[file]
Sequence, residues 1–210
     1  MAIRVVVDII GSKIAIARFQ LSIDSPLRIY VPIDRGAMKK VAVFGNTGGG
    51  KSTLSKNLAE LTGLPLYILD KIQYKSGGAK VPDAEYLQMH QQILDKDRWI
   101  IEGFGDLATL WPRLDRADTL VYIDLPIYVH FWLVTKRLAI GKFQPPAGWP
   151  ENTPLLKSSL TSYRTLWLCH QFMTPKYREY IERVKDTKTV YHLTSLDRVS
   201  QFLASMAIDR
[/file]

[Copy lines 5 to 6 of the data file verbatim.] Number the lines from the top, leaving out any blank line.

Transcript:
   151  ENTPLLKSSL TSYRTLWLCH QFMTPKYREY IERVKDTKTV YHLTSLDRVS
   201  QFLASMAIDR